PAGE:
by Staff Writers
Goma, Dr Congo (AFP) Aug 17, 2012
Seven defence ministers from Africa's central Great Lakes region have met in Goma in eastern Democratic Republic of Congo to try to tackle unrest there, a statement said.
The ministers from Angola, Burundi, Congo, DR Congo, Rwanda, Tanzania and Uganda held talks overnight Thursday and "identified urgent actions needed with a view to ensuring that combat ceases completely in eastern DR Congo," the final communique said.
They "prepared the means for making operational a neutral international force to deploy in the east of DR Congo," under a mandate from the African Union and with UN backing.
The force should comprise troops from African countries, the text said, without giving details.
Eastern DR Congo has been volatile and rife with rival militia and rebel forces since the end in 2003 of a war that engulfed large tracts of the vast central African country.
Most recently, the DR Congo army has been fighting deserters who have formed a rebel group called M23 and who are ethnic Tutsis who were incorporated into the army in 2009, but contend that the peace accord was never fully implemented in their favour.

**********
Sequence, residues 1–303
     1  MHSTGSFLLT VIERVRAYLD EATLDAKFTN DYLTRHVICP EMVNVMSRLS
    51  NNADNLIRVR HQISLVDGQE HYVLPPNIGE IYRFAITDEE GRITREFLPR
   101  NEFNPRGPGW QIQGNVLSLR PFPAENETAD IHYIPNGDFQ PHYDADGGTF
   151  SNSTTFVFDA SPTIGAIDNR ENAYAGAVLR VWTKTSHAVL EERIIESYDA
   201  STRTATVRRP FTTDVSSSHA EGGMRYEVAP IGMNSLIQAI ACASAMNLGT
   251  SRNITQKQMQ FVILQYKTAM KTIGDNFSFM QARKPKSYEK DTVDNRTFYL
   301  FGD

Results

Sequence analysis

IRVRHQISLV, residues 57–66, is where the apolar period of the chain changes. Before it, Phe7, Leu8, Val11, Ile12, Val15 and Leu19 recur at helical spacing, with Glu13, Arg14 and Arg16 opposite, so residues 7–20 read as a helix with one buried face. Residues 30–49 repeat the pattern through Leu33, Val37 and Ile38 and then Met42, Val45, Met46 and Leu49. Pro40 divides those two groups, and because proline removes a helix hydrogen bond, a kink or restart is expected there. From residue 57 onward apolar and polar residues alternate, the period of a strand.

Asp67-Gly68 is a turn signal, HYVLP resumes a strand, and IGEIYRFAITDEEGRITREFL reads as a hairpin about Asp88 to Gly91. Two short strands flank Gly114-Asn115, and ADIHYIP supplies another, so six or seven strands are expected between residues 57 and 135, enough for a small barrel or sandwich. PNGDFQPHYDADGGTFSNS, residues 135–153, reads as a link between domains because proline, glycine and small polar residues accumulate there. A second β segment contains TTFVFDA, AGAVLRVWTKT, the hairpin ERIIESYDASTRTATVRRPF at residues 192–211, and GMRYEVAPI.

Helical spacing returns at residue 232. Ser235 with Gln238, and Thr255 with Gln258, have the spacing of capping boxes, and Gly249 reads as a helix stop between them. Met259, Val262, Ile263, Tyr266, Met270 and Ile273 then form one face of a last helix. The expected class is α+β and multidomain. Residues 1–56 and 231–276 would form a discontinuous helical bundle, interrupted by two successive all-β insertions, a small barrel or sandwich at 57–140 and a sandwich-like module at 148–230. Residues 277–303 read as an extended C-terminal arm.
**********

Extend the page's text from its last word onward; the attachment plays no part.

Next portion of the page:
The neutral force is expected to hold off attacks by M23 and be deployed along the border between DR Congo and Rwanda, which the UN has accused of backing the M23 rebels, a charge strongly denied by Kigali.
The ministers in the International Conference on the Great Lakes Region (ICGLR) were accompanied by their chiefs of general staff and by their intelligence chiefs, who met prior to the ministerial talks.
They have sent a report to Uganda's President Yoweri Museveni, who will president it at the next summit of the ICGLR, which takes place next month.
During talks in Kampala on July 7, heads of state failed to reach an agreement on the composition of the neutral force, which was decided upon in Addis Ababa on the sidelines of an African Union summit.
The heads of state agreed to meet again in Kampala early in September.
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South Africa's lion bones: Asia's new delicacy
Potchefstroom, South Africa (AFP) Aug 16, 2012
Lion bones have become a hot commodity for their use in Asian traditional medicine, driving up exports from South Africa to the East and creating new fears of the survival of the species. Conservationists are already angry over lion trophy hunting. The skeletons are mostly shipped to Vietnam and Laos, feeding conservationists' fears that the market will drive up lion poaching - just as ... read more
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